Table of Contents


After Extra Info, comes Sub-Checks. These are the options presented to the checklist user usually to describe the issues found, but may also been designed to capture further information about a certain subject. Just like Extra Info, not every check or indeed every checklist requires sub-checks. However, for those checks which do, we recommend consulting with subject matter experts who understand the range of issues that can arise and know best how to categorise them.

There are a couple of things to be aware of when designing sub-checks. Unless customised, responses with a “Pass” status will not trigger sub-checks or extra information. Also, when both Sub-Checks and Extra Info are attached to a question, when triggered in the App for the user, the sub-check selection page will always appear prior to the assigned extra info types. This makes for a better flow through the check.

What fields appear on the Sub-Check tab

Before we move on to how to set up sub-checks, let's take a moment to become familiar with the fields you will be populating on the Sub-Check tab.

Mandatory Sub-Checks

This tick box makes sub-check selection mandatory if required. Use this feature to ensure the user provides adequate descriptive information regarding any issue flagged.

Multiple Sub-Check Selections

This enables users to select multiple sub-checks for a given issue. This allows for instances where multiple faults of a different nature are identified within the one check.


This is where you enter a succinct description that specifies the nature of an issue found. For instance, should the purpose of a check be to inspect the condition of a car's bumper bar, you may design the sub-check to offer the user the choice of "scratched," "dented," and "corroded." Brevity is key for a user-friendly check and some devices do not support a lengthy label. You are limited to 35 characters in this label field.


While the Label field is about brevity for the ChekRite App user, the Description field provides a longer clarification of an issue for those who are receiving, reviewing and analysing the reports. Therefore, this description only appears where appropriate in reports and is not visible to those conducting the inspection.

When reporting exceptions, the name of the failed check is followed by each layer of the sub-check hierarchy (we'll tell you more about hierarchies in a moment!).  In many instances this is sufficient, for example, “Driver Seat: Buckle: Faulty”.  For other times, a description provides the necessary elaboration. For example, for a failed Fire Extinguisher check a user might select this hierarchy of sub-checks: ‘Ground Level > Loose’.  The long description for the ‘Loose’ sub-check would appear on the report as: “Ground-level extinguisher mounting is loose.”

How to add sub-checks

  1. Go to Checklists > Questions > Sub-Checks.
  2. Enter the Question title in the Sub-Check field or a more specific instruction for the user regarding how to select sub-checks.
  3. Select the Mandatory box if the selection of a sub-check is to be mandatory.
  4. De-select the Multiple Selections box if the user is to select only one specific sub- check.
  5. Enter your first sub-check into the Label field.  Press Enter, Tab or click out of the field for the sub-check to appear in the list.
  6. To add more sub-checks at the same level, clear the “Label” field by pressing on the sub-check that you have just added in the list panel.  Clicking “New” without clearing the “Label” field tiers the next sub-check below the initial sub-check. To reposition the sub-check, press the arrow buttons at the bottom of the sub-check list panel or click and drag the sub-check to the desired position.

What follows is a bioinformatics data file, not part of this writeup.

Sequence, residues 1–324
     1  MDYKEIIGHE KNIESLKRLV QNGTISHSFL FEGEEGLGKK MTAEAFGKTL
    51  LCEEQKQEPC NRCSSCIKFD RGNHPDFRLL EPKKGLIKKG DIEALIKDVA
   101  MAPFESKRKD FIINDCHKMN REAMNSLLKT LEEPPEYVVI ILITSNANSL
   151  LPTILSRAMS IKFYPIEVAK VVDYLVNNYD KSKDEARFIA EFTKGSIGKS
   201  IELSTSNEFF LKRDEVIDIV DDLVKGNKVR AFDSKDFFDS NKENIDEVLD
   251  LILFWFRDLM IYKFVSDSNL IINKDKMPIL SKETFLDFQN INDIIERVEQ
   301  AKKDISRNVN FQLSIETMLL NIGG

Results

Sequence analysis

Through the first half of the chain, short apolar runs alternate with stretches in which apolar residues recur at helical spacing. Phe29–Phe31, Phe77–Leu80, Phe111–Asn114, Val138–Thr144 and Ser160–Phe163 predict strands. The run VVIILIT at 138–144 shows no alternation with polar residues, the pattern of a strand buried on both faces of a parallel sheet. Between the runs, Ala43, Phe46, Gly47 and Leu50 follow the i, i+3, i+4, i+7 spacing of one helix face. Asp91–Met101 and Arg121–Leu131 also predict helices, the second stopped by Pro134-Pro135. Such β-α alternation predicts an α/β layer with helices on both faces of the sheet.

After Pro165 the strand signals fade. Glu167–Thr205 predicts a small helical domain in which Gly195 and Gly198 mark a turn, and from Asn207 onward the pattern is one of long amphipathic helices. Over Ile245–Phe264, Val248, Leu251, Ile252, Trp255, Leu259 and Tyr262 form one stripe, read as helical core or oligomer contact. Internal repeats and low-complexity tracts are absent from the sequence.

How to delete a sub-check

  1. Select the sub-check to be deleted so that it is visible in the “Label” field.
  2. Click Delete button.

Sub-Check hierarchies

Creating a hierarchy of sub-checks enables the selection of multiple layers in order to describe an issue accurately. Often an individual check involves the inspection of a number of components which have the potential to fail in a number of different ways. A car's bumper bar, for instance, may be dented, scratched, corroded and so on. In this context, the use of a hierarchical sub-check structure would be appropriate as opposed to having the user select from a lengthy list of every component and their potential failure modes.

When building a hierarchy of sub-checks, consider what kind of naming convention will be most suitable. The first layer of sub-checks is usually the items, components, or locations within the check; the second lists descriptive options for each item in the first layer. Making the sub-check selection compulsory for the user avoids the logging of non-descriptive faults that are then difficult for others to interpret.

Let's revisit the earlier example of a faulty seat buckle. A check entitled “Seating & Seatbelts” may be a Pass/Fail question and describe a Faulty Driver Seat Buckle using the following hierarchy:

How to build a sub-check hierarchy

  1. Select the sub-check so that it appears in the Label field.
  2. Press New button.
  3. Enter the label for the sub-check to be added at the next tier. You can tier as many sub-checks as you wish.  Think about the most appropriate hierarchical structure for your intended application. An example might be to have the first tier as the various components that could fail for a specific check and the second tier to be the various failure modes for each listed component.
  4. Press the triangular arrows in front of each hierarchy to expand and collapse the sub- check folders. Use the green/white arrows beneath the sub-check list panel to reposition or click and drag.
Cloning is a feature that reduces the work associated with building sub-checks. Simply click the clone icon to clone a sub-check tree and re-label as necessary.

How did we do?

Extra Info

Fail Weights & Scores